the theory of treason. Early in the course GENERAL GORGEY.

of the war it had become apparent that the The other day in a private room in one Assembly, under the leadership of Kosof the by.streets of Pesth, five old sol. suth, and the army under the leadership diers presented to their former com. of Görgey, beld irreconcilable views with mander a document, the full significance regard to the proper aim and scope of the

one.

By it

meaus.

courses.

struggle against Austria. The more san. men of their country both in politics and guine partisans on either side urged their letters. General Görgey's great rival, the leader to suppress his rival by violent ex.governor, has of late years revived the

To bring Görgey before a court recollection of that war by the publication martial, to disperse the Assembly at Deb. of his “Memoirs. Their publication led reczin as Cromwell dispersed the Long to a certain recrudescence of the old con. Parliament, such would have been the troversies. Görgey and his friends relogical issues of the disagreement. But plied by articles in the Budapest Review the leaders shrank from such extreme and other periodicals. At last, in the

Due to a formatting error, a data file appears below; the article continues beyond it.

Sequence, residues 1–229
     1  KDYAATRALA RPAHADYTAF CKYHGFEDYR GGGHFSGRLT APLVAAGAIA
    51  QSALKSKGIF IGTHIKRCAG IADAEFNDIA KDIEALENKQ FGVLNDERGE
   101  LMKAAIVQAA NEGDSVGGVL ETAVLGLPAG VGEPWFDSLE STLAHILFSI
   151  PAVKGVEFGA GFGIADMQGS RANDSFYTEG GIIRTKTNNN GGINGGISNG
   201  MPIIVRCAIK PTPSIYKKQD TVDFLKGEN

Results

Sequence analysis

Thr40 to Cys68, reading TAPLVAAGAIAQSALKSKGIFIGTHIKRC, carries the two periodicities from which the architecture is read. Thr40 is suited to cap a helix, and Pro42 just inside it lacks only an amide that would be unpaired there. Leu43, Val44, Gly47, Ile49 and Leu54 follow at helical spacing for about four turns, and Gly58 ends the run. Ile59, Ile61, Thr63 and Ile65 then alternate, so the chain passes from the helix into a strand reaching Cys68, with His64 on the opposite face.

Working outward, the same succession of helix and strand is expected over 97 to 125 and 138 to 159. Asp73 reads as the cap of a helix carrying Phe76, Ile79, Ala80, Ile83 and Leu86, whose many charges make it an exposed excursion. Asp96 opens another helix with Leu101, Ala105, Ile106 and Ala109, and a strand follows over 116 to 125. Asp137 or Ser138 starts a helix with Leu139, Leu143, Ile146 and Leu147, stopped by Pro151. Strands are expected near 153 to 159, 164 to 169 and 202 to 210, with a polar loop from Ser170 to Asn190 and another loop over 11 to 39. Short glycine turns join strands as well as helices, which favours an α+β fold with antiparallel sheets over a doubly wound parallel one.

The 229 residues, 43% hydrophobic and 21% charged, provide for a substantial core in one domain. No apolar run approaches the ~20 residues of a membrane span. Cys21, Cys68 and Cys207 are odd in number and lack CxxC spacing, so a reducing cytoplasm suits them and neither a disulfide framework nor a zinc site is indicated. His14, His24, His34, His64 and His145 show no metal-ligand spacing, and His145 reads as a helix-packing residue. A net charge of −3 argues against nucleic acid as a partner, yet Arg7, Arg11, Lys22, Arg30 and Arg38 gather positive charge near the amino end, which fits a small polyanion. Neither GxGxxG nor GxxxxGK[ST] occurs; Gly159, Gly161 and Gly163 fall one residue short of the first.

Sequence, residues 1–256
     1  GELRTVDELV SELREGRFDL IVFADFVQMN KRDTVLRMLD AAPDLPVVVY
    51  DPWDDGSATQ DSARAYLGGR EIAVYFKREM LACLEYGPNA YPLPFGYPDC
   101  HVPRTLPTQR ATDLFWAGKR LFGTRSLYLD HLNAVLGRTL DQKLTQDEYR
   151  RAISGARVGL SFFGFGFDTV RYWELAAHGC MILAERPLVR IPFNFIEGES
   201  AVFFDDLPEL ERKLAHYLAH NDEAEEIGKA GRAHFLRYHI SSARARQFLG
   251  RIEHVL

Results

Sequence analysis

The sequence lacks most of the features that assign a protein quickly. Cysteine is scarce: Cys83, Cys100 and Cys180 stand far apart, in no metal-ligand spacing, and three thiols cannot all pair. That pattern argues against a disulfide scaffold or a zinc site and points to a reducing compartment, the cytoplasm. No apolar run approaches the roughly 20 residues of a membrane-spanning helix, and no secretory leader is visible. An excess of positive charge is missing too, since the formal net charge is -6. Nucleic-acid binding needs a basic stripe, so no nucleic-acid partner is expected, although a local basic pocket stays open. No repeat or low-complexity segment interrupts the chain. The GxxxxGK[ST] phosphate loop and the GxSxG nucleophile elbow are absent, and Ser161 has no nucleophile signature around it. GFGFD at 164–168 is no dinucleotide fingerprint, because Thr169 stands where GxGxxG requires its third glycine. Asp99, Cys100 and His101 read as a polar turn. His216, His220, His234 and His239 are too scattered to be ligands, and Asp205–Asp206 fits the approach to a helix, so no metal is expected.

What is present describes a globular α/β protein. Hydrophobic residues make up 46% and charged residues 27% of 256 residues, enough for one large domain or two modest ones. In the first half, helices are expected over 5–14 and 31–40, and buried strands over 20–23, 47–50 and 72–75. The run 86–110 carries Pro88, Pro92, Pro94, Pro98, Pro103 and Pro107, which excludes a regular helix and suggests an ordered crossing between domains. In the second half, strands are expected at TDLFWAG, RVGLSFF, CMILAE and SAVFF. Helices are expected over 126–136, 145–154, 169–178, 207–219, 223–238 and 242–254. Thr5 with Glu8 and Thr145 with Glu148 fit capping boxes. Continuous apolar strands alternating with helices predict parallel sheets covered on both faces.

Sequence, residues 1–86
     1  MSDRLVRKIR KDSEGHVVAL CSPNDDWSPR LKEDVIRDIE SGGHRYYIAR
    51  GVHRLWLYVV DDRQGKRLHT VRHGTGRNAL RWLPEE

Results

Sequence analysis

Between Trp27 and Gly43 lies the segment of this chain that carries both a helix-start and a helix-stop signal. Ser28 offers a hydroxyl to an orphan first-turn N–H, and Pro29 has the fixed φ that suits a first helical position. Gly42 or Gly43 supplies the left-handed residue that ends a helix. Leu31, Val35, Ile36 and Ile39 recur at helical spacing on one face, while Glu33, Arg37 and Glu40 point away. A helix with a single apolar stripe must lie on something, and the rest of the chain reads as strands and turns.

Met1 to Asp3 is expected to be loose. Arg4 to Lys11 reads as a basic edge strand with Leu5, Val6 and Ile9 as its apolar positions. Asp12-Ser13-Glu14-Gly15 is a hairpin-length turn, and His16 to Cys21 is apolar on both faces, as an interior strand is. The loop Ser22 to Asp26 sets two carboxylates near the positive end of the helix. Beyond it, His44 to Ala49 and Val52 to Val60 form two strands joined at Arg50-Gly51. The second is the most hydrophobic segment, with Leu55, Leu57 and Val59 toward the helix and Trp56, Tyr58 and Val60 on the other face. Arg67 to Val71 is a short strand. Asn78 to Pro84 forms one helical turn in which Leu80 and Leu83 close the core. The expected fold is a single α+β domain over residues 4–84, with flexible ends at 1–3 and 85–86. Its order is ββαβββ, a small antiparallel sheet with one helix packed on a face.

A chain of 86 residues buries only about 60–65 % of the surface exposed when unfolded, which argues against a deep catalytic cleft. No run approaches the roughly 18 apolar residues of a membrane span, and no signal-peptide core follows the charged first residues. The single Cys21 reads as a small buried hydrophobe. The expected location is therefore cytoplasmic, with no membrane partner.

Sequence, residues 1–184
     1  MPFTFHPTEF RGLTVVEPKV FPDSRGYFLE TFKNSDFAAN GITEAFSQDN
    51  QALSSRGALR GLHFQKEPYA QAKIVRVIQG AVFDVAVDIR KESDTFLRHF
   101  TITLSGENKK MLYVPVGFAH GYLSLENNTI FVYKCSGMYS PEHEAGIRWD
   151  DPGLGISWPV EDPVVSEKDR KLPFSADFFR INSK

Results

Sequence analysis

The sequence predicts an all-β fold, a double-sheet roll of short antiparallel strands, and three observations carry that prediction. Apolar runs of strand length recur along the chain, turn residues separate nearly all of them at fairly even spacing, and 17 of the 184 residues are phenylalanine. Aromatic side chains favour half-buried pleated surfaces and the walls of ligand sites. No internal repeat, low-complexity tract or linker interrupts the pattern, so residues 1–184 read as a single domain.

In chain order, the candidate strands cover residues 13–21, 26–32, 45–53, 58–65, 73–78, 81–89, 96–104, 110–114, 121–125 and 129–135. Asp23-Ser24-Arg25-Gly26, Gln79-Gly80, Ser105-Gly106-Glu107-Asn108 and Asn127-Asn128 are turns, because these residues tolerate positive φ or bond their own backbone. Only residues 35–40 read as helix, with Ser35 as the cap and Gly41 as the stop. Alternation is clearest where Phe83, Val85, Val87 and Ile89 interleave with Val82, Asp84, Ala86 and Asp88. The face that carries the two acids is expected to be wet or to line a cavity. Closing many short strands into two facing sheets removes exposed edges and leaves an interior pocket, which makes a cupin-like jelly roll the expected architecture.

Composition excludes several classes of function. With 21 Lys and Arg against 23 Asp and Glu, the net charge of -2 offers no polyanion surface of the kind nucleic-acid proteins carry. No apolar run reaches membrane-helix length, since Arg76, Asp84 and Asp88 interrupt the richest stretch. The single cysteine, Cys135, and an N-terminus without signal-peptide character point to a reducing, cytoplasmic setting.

Each was too sensible of the spring of the current year, two or three weakness of his own position; each per members of the old Honved army, dishaps over-estimated the power of his cussing the question among themselves, rival. It was only the military disasters determined to collect the opinions of their consequent upon the energetic and effec. surviving comrades. Finding that their tual intervention of the Russians that gave own view of the matter was generally the soldier a final preponderance over the though not universally beld, they drew up agitator. Kossuth abdicated and fled; a declaration to the effect that in capitu. Görgey remained and capitulated. By lating at Vilagos General Görgey had surrendering, not to the Austrian, but to altogether acted as became a soldier and the Russian commander, he emphasized a patriot. This declaration, dated the the fact that Hungary yielded only to 30th of May, was presented to the general force majeure, and was conquered only by on the 22nd of November, by which time foreign arms. In so acting he conceived it had been signed by two hundred and that he was saving the military honor of seven old Honved officers, a goodly numhis country. One, however, of the con- ber when we take into account the ravsequences of his so acting was that his ages which thirty-five years have made in life was spared through the express inter their ranks. The document begins by vention of Russia, while his companions reflecting on their daily diminishing numin arms were shot, hanged, and impris. bers - one of them, General Gaspar, has oned. Under these circumstances it was died since his signature was affixed-on but natural, however illogical and unfair, the advanced age of those who still re. to make him responsible, not only for the main, on the destruction of the original failure of the campaign, but also for the official papers by the enemy, and the de. severity of the repression which began as sirableness in the interests of historic soon as the Russian troops had left Hun. truth of their making such a declaration. gary. Thus, as a deputy expressed him. They are further moved to do so by feelself in 1868,“ poor Görgey had to beings of humanity and of loyalty to a com. branded as a traitor that we might save rade and a commander who for so many the prestige of the country.” From 1849 years has supported with so much manly to 1867 Görgey was “interned ” in Kla. fortitude so great a weight of unmerited opgenfurt as a political suspect, and was probrium; further, by a juster idea of the not permitted to return home until the honor of their country than to suppose reconciliation of the king and the nation that it can be served by the maintenance took place in the latter year. On several of a fable invented in a moment of despair, occasions after his return he was publicly the need for which fable, if it ever existed, and grossly insulted both in the capital having long ago, passed away. They then and the provinces. Yet he counted point out the desperate position of the among his friends and adherents the most Hungarian army before Vilagos, and reprominent and most esteemed members call General Görgey's words in his fareof Hungarian society, and he was em. well proclamation to his troops, “ It is ployed by the government both as a chem- impossible that the right cause should be ist and an engineer.